After 15 years, lack of data on Mental Health Crises is intentional
Posted by Dave Bath on 2009-11-14
Unsurprisingly, the "Responding to Mental Health Crises in the Community" (2009-11-11) report from the Victorian Auditor General didn’t get a mention within a few days (at least) in either the old or new RSS feeds of all Victorian Premier and Ministers media statements.
Before having a brief look at the Auditor’s report on this topic (it ain’t pretty), it’s worth noting that very few of the auditor’s reports get a mention in the "All Media Releases" from the Victoria. Three, according to searching within Google Reader, in a little over a year, had the word "auditor" in them… which suggests that only three were viewed as supporting the government, or even slightly spinnable. There’s an opportunity for some interesting metrics, or even mashups there… looking for auditor reports and corresponding government/opposition media releases, especially the ones where the government avoids even the spin attempt.
The auditor examined the Department of Health, four Area Mental Health Services, Victoria Police and Ambulance Victoria to assess whether:
- agency responses to mental health crises are coordinated;
- agencies are adequately prepared to respond to mental health crises, and respond appropriately;
- agencies can show the effectiveness of their responses to mental health crises.
Mental Health Crises (MHCs) are those unfortunate situations where the one-in-five Victorians affected by some form of mental illness (including endemic depression, surely an indicator of government performance as important as any other) can become a risk to themselves or others.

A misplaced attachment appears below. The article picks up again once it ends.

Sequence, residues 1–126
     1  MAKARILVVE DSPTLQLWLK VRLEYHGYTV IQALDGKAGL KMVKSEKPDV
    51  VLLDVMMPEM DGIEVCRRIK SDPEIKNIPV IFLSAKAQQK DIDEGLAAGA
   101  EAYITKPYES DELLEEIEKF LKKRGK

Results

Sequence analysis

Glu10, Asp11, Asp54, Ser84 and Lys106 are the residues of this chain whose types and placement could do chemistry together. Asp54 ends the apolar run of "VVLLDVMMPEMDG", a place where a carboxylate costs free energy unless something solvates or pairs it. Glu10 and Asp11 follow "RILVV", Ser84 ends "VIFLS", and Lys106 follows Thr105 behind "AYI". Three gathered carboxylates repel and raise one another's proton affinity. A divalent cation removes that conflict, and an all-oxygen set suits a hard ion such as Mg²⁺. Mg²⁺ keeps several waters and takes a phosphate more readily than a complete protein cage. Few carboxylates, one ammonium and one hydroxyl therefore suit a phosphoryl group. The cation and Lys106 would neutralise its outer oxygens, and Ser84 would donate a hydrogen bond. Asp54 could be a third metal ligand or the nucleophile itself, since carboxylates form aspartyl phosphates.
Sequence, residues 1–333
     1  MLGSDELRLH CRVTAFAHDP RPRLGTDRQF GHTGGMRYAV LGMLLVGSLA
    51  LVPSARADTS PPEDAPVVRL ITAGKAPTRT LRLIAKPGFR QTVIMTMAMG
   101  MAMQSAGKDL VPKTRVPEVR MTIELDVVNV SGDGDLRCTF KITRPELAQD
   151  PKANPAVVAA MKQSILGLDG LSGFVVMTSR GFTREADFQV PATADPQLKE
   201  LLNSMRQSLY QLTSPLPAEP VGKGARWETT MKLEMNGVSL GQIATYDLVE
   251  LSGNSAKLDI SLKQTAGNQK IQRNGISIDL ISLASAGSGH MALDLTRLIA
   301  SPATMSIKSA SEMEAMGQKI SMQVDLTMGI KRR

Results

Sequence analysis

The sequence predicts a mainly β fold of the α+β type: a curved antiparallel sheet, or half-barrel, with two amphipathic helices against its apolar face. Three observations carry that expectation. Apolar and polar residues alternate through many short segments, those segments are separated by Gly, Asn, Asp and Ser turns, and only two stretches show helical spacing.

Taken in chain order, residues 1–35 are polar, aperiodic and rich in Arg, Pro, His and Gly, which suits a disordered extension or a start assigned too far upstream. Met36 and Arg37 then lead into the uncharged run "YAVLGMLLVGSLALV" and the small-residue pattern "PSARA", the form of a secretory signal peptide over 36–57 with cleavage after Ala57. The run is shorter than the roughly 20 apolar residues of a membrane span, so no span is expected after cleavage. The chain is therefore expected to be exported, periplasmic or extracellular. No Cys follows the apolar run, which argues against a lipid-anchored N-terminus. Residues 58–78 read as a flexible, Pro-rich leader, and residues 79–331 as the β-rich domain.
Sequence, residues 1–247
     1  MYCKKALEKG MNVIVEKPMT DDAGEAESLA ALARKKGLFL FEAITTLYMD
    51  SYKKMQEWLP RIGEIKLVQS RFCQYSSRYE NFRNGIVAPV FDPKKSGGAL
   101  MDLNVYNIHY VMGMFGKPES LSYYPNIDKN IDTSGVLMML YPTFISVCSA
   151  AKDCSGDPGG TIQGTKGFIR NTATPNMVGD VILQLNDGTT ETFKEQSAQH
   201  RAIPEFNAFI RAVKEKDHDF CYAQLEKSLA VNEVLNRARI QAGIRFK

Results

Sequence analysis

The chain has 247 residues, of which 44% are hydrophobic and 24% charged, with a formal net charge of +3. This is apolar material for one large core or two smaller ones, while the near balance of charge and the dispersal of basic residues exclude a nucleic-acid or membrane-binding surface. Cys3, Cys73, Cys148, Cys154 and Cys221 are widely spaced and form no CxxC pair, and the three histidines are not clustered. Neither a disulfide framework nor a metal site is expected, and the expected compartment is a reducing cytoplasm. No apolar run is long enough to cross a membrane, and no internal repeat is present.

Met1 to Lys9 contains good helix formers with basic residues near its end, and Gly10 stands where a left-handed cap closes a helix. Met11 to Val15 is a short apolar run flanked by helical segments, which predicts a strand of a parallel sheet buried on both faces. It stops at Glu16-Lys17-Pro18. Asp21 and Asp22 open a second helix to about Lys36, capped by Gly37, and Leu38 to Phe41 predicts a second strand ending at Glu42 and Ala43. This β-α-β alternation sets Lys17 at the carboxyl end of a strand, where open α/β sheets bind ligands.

Basically, while there are some in the police, social welfare, and health agencies trying to do make things better, for most things relevant to the problem, there are either no well-defined metrics, or where there are metrics defined, they either aren’t collected, collated or disseminated.
There’s a rule in performance management: if it ain’t measured, it can’t be managed.
For politicians, there is another rule: if it ain’t measured properly, any problem can be denied and/or responsibility avoided.
Even before the summary of findings document starts giving the dot points for conclusions, the auditor has this to say:
Presently however, responses to mental health crises are not consistently meeting the standards set out in the Mental Health Act 1986 or in agreed interagency protocols.
There is a lack of information showing the effectiveness of triage and CAT services, and police and ambulance responses to mental health crises. This prevents quantitative analysis and robust performance monitoring, allowing service gaps to go unaddressed
So, the auditor cannot figure out what is going on because there are no figures to work from… how convenient for the politicians!
DOH lacks useful data about triage and CAT service responses to mental health crises. CAT services have run for 15 years, but DOH does not know the number of urgent referrals received, how services respond, their timeliness or the outcomes.
Until agencies have access to robust information about response effectiveness, they cannot identify successes or areas to improve in their own crisis response operations, nor can they review their joint performance to identify system-wide issues.
It goes on, there is insufficient awareness of long-standing, recently introduced, or planned protocols, and no data available on how those protocols are performing anyway.
Remember the adage I mentioned? "If it ain’t measured, it can’t be managed."
After 15 years of both Liberal (Kennett) and Labor (Bracks and Brumby) governments without measurement, there has obviously been no real intent to manage. If there is a single objective being met, it is that the politicians have ensured they cannot be measured. Even with incompetent governments, 15 years is enough to get a measurement system in place so that an auditor would have enough figures to get a grip on what is happening, whether things are getting worse or better. The auditor has been as effectively blocked from investigating as if all the books had been burnt, while the auditor’s hands were tied and eyes gouged out.
It looks like the lack of figures must be intentional, malicious rather than negligent… and one in five Victorians are the target of that malice.